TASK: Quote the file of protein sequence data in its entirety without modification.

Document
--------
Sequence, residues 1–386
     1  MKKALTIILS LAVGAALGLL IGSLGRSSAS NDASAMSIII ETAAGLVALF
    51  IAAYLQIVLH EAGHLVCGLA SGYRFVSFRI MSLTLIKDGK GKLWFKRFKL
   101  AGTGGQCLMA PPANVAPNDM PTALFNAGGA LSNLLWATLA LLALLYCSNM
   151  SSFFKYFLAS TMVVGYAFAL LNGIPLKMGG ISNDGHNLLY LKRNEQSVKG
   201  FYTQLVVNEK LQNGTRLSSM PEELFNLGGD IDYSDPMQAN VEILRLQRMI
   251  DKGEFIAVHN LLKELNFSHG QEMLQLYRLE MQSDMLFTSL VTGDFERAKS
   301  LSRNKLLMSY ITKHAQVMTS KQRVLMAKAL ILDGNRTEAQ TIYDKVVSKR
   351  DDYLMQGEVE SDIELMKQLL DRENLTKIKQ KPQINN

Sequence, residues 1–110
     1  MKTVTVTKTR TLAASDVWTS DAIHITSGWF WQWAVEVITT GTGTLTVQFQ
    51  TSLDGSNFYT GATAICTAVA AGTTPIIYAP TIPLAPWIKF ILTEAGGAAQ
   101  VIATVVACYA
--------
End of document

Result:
Sequence, residues 1–386
     1  MKKALTIILS LAVGAALGLL IGSLGRSSAS NDASAMSIII ETAAGLVALF
    51  IAAYLQIVLH EAGHLVCGLA SGYRFVSFRI MSLTLIKDGK GKLWFKRFKL
   101  AGTGGQCLMA PPANVAPNDM PTALFNAGGA LSNLLWATLA LLALLYCSNM
   151  SSFFKYFLAS TMVVGYAFAL LNGIPLKMGG ISNDGHNLLY LKRNEQSVKG
   201  FYTQLVVNEK LQNGTRLSSM PEELFNLGGD IDYSDPMQAN VEILRLQRMI
   251  DKGEFIAVHN LLKELNFSHG QEMLQLYRLE MQSDMLFTSL VTGDFERAKS
   301  LSRNKLLMSY ITKHAQVMTS KQRVLMAKAL ILDGNRTEAQ TIYDKVVSKR
   351  DDYLMQGEVE SDIELMKQLL DRENLTKIKQ KPQINN

Sequence, residues 1–110
     1  MKTVTVTKTR TLAASDVWTS DAIHITSGWF WQWAVEVITT GTGTLTVQFQ
    51  TSLDGSNFYT GATAICTAVA AGTTPIIYAP TIPLAPWIKF ILTEAGGAAQ
   101  VIATVVACYA